GOP uses debunked theory to downplay COVID-19 death toll


Leading Republicans seek to play down the heavy toll from the coronavirus, in part by pointing to a conspiracy theory that the death toll is much lower.President TrumpDonald John Trump Cohen Says In New Book Trump Is “Guilty Of Same Crimes” He “Princess Bride” To Meet For Wisconsin Democrats Fundraiser Bernie Sanders Warns Trump Cannot Concede Election MORE, with Sen. Joni ErnstJoni Kay Ernst The Hill’s 12:30 p.m. report: First Kennedy to lose Massachusetts election Ernst says she is “skeptical” of death toll from coronaviruses Trump warnings of anarchy divide GOP candidates MORE (R-Iowa) et Rep. Roger MarshallLobbying group Roger W. MarshallBank launches ad supporting Collins re-election Collins re-election chamber to run ads defending embattled GOP senators McConnell warns Senate scrutiny “could go both ways” in November MORE (R-Kan.), Who both compete in competitive Senate races, have all pointed out in recent days the widely debunked theory that deaths from COVID-19 in the United States total only 10,000 instead of over 180,000 registered by health officials.

The speculative remarks come at a time when around 1,000 people die from the virus each day, providing a grim backdrop for the final sprint until election day. Trump, meanwhile, has tried to project an upbeat message, frequently pointing to rapid progress towards a vaccine and saying he believes the virus is “going away.”

The Trump administration has also increasingly focused on protecting vulnerable populations such as the elderly, rather than focusing on a broader strategy to eradicate the disease as a whole.

The discredited theory in question points to a Centers for Disease Control and Prevention (CDC) page Web claiming that the coronavirus was listed as the sole cause of just 6% of deaths from the virus. However, that does not mean that the remaining 94% did not die from the coronavirus. Instead, it means either that another factor directly caused by the coronavirus was also listed, such as respiratory failure, or that there was an underlying condition like obesity or diabetes that didn’t. is not necessarily fatal on its own but that increases the risk of coronavirus.

The 6 percent figure was entered, however, to minimize the death toll. Last weekend Trump retweeted a post by user Mel Q, who also believes in the QAnon conspiracy theory, claiming that only around 9,000 people have “actually” died from coronavirus. Twitter later deleted the tweet for violating its rules.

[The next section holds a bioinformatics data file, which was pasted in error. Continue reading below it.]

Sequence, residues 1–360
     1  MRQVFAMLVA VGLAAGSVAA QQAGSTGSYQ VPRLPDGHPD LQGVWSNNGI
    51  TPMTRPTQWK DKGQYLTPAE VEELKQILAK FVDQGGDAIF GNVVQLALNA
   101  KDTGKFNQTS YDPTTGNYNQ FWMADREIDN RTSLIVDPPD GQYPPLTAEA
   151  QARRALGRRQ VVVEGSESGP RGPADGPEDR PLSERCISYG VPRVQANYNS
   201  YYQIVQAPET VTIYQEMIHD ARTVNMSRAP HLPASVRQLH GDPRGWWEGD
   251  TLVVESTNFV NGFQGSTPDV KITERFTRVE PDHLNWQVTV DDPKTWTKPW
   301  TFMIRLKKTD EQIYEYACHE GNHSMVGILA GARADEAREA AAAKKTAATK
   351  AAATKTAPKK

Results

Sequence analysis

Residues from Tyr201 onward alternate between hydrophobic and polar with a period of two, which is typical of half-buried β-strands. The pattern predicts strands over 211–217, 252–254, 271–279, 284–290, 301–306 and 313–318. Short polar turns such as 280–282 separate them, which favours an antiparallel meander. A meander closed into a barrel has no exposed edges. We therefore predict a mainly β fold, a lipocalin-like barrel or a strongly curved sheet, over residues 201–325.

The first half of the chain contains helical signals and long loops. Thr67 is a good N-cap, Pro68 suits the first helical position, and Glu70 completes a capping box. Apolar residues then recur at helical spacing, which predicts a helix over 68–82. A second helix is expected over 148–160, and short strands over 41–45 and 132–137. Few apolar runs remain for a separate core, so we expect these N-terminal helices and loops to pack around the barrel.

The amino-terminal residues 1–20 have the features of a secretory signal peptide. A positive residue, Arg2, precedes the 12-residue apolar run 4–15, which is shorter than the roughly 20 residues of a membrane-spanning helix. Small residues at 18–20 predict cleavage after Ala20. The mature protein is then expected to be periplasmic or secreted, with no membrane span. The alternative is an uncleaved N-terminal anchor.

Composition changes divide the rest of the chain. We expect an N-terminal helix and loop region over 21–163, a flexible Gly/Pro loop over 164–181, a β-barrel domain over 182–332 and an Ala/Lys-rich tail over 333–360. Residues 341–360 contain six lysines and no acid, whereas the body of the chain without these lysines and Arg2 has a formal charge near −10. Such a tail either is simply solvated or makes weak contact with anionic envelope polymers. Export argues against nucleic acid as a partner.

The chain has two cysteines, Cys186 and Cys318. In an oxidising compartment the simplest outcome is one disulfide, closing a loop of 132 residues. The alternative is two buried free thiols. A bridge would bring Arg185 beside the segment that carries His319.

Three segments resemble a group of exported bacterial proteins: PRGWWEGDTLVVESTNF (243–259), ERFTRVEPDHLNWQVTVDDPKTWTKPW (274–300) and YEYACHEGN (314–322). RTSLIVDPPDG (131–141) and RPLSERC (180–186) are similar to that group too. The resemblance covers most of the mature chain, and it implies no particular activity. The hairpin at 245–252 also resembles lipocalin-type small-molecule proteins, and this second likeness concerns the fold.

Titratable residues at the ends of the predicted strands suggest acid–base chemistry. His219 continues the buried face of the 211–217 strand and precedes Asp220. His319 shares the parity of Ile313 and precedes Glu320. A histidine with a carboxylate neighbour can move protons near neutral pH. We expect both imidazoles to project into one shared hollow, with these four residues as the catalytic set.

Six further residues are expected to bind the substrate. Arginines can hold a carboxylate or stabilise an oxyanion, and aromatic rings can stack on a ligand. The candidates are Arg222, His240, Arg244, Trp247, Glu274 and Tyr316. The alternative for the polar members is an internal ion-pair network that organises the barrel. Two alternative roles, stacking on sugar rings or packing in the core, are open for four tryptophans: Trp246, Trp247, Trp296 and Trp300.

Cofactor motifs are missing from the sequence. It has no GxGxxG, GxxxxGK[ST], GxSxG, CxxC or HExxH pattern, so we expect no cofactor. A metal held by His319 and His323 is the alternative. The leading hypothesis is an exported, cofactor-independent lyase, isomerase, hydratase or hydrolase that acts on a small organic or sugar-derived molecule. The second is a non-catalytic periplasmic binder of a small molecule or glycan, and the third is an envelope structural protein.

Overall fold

Ernst also said on Monday she was “so skeptical” about the number of cases and deaths from the coronavirus, later adding, according to the Waterloo-Cedar Falls Courier: “They think there might be 10,000 or fewer deaths that were actually singularly COVID-19… I’m just really curious. It would be interesting to know.

Marshall, who is a doctor, highlighted the theory based on the 6% statistic in a Facebook post on Sunday.

“This week, the CDC quietly updated its COVID-19 data to reflect the number of deaths from COVID-19 alone,” he wrote, adding that it was “only 6%” , according to a screenshot. published by KSNT.

Facebook deleted the post, a spokesperson saying it violated “our policies against spreading harmful false information about COVID-19 because it distorts CDC data on mortality from the disease.”

The prominence of the discredited theory and its adoption among senior Republicans have dismayed experts.

“It’s completely, to me, mind-boggling that people are using it as fodder for a conspiracy theory,” said Amesh Adalja, senior researcher at the Johns Hopkins University Center for Health Security.

He said experts have long claimed that underlying conditions such as diabetes and high blood pressure are risk factors for having a more severe case of coronavirus, so “it’s not surprising” that conditions like this are listed as present in many coronavirus deaths.

“I don’t know why it’s even a story other than people trying to downplay what is a serious infectious disease,” Adalja added.